Clive Staples Lewis was a celebrated Anglo-Irish novelist, academic, medievalist, literary critic, lay theologian and Christian apologist whose impact and influence lives on.

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Inside Language: C. S. Lewis and the Bible in the 21st Century

September 23rd, 2010 | Skip to comments

Inside Language: C. S. Lewis and the Bible in the 21st Century (10.5 MB)

Originally delivered as the 4th Annual Concordia University (Austin, TX) Lecture on C. S. Lewis on April 15th, 2010.

This invited talk is a meditation on what it means for Jack to say: “It is Christ himself, not the Bible, who is the true word of God. The Bible, read in the spirit and with the guidance of good teachers, will bring us to Him.” —C. S. Lewis, Letters of C. S. Lewis (8 November 1952), p. 247. I believe Lewis is one of those “good teachers,” whose commitment to apostolic doctrine and submersion in Christian tradition spared him from the twin excesses of fundamentalism and liberalism in his times, and continue to guard us from stumbling into them in our own.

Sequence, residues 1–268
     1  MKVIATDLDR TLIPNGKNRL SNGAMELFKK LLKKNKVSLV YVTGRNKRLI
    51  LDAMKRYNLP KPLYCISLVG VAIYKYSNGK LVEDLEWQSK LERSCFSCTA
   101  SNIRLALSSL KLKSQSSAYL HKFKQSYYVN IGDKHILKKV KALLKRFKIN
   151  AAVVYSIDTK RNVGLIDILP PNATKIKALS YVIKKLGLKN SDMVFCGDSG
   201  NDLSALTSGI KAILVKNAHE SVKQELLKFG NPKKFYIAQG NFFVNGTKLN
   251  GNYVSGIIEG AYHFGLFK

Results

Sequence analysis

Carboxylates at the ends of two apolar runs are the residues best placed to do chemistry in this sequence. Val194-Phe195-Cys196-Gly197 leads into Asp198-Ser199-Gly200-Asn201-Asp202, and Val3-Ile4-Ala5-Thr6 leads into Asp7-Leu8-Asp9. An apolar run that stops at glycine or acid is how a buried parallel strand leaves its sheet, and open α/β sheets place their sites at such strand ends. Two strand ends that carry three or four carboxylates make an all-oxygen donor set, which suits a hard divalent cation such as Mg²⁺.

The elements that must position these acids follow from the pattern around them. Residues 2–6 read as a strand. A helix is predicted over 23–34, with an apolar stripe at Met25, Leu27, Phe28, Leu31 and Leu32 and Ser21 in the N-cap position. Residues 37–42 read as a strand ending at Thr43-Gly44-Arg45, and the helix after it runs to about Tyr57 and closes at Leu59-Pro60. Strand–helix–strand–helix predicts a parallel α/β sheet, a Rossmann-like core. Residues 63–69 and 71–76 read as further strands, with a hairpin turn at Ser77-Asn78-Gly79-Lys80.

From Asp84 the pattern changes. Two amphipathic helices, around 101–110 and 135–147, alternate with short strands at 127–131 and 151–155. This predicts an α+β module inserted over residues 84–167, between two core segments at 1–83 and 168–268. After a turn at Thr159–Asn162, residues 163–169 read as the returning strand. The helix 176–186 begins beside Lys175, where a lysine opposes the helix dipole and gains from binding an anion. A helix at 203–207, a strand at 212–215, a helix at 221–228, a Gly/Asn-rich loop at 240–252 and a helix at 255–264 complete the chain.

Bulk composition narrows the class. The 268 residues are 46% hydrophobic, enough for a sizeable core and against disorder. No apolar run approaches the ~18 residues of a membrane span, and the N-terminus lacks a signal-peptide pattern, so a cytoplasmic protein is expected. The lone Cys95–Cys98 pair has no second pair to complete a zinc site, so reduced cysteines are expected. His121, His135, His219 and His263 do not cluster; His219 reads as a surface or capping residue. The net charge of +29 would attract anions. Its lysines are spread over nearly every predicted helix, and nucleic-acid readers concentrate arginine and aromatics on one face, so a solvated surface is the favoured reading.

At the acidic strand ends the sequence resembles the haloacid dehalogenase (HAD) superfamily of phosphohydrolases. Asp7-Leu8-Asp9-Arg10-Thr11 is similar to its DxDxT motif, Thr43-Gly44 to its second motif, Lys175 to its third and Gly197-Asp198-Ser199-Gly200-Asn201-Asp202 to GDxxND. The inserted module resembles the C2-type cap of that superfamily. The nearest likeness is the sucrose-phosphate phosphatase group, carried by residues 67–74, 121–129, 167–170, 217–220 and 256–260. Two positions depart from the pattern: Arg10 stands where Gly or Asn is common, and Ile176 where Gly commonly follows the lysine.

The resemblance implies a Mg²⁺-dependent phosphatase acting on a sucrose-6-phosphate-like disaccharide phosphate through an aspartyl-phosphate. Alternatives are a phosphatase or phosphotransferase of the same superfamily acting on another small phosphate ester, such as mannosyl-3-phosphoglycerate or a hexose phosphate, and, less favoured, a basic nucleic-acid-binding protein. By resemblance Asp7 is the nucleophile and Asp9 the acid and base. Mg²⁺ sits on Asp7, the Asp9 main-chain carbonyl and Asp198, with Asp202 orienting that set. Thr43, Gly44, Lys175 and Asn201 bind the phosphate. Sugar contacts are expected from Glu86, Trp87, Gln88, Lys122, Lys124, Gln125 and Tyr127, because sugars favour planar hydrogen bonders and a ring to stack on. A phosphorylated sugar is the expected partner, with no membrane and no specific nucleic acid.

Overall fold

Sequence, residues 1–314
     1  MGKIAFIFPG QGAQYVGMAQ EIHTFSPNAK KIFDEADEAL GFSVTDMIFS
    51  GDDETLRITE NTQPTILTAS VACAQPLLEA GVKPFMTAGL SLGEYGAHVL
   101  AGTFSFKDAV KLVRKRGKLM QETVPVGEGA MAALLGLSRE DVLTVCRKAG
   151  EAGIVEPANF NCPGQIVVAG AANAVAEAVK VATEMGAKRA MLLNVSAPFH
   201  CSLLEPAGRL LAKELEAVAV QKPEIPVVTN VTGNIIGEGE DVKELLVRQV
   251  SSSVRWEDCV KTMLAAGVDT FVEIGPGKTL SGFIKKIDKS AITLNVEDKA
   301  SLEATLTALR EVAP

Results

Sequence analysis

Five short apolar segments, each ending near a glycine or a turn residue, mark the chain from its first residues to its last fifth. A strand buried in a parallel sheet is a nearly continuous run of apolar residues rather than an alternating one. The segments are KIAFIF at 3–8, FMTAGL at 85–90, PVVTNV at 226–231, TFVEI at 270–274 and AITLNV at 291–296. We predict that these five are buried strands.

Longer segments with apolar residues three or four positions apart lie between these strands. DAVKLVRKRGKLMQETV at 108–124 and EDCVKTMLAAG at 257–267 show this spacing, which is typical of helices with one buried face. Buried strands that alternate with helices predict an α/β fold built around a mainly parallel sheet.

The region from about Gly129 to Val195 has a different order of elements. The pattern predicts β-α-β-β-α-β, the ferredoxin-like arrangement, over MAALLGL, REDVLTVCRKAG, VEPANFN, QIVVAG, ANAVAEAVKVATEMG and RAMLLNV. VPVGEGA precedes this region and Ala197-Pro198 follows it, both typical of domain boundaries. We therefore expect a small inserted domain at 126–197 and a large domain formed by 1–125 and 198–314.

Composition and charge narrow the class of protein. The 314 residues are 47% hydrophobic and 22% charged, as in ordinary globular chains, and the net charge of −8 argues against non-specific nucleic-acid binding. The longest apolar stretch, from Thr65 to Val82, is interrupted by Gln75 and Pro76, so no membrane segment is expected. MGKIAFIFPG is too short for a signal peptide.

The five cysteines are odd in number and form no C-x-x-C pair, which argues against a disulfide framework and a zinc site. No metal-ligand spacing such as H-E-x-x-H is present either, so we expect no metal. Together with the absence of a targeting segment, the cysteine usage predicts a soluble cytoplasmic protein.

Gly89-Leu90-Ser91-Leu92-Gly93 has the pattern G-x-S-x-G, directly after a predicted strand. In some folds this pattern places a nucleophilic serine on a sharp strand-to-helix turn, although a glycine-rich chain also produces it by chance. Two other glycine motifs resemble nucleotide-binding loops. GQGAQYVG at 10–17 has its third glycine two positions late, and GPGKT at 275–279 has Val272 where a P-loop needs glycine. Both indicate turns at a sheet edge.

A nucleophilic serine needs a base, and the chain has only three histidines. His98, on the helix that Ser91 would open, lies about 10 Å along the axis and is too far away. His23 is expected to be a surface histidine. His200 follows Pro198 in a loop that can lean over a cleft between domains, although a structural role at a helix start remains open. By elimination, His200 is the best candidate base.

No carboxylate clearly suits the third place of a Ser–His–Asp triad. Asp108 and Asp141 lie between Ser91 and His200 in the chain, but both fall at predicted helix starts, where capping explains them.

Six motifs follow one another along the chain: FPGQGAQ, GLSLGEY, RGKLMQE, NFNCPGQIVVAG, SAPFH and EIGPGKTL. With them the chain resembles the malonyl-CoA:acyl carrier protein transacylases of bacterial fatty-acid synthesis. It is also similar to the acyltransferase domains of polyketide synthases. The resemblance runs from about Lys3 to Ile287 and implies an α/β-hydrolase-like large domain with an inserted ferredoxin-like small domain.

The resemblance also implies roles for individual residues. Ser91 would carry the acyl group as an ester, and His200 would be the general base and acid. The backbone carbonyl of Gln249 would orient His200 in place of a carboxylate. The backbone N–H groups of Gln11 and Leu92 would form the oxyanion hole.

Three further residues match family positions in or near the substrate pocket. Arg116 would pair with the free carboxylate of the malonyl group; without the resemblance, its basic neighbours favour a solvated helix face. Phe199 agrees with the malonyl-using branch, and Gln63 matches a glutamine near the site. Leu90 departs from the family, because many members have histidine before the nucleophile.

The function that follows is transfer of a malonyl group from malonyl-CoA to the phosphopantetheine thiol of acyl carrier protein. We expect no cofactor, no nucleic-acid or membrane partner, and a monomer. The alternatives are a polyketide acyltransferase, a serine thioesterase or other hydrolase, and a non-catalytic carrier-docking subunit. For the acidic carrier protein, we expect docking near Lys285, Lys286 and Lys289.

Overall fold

It could be said that Jack, like Tolkien, “had been ‘inside language,’” understanding the complex relationships among word, image, metaphor, and myth, and how, as creatures made in God’s image, we are enjoined to make meaning: inside and outside of Scripture. The Bible’s purpose in our century and throughout those millennia preceding it is to “bring us to Him.”


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